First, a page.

On Thursday afternoon, President Joe Biden’s Climate Czar John Kerry talked about transitioning blue-collar workers into green jobs—which, of course, are yet to exist.
“This job future is not something conjured up out of anybody’s imagination. It’s the most real thing in the world,” Kerry said before quoting the Bureau of Labor Statistics, which said that “there are three jobs that will actually grow more than 50 percent this year.”
“The first is 62 percent growth in wind turbine technician. The second is nurse practitioners for obvious, unfortunate reasons. And the third is solar panel installer at 51 percent,” the climate czar continued.
“The jobs are growing there. I’m not offering that job to somebody who may feel, ‘oh my god I have a better job, I don’t want to lose that job,’ etc,” he added. “But the job market here is going to be gigantic for electricians, plumbers, pipe fitters, steel workers, heavy equipment operators—all of these people building out America’s grid and transitioning us to this new future.”
“It’s going to happen in countries all over the world and we need to make sure we’re not left behind,” Kerry claimed. “In fact, we’re leading in the creation of the new technologies, new opportunities.”
Previously, Kerry had adressed thousands of oil workers who had lost their jobs because of President Joe Biden’s “green” energy agenda.
“There certainly are oil and gas industry workers who are watching you both right now, who will hear the message that the takeaway to them is that they are seeing an end to their livelihoods. What do you say to that, particularly those people who who President Trump struck a chord with on the campaign trail when he promised to save their jobs? What is your message to them right now and also to the oil industry executives who are listening? Are you putting them on notice today?” a reporter asked the climate czar.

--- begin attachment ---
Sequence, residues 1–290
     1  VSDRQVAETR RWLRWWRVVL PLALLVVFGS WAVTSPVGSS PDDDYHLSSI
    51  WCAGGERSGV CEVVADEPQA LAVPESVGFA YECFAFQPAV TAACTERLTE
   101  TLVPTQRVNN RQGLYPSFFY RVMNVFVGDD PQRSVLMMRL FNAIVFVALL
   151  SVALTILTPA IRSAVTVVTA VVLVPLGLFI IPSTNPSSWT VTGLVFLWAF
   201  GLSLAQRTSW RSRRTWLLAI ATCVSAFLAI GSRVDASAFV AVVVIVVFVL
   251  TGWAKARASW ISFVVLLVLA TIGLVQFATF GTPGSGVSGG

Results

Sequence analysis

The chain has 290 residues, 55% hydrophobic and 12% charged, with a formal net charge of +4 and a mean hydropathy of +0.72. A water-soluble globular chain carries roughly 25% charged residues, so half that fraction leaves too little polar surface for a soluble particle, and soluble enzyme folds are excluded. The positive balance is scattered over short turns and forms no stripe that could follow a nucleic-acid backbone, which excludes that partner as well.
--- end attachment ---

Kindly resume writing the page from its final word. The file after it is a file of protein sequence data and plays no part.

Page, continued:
He replied, “The same people can do those jobs, but the choice of doing the solar power one now is a better choice.”
“What President Biden wants to do is make sure those folks have better choices, that they have alternatives, that they can be the people to go to work to make the solar panels. And, we’re making them here at home,” Kerry continued.
In reality, most of the solar panels are actually made in China, not in the U.S.
And, of course, as he advocates for renewable energy, Kerry flies around in his private jet, a single trip potentially producing much more pollution than the average person does during their whole life.
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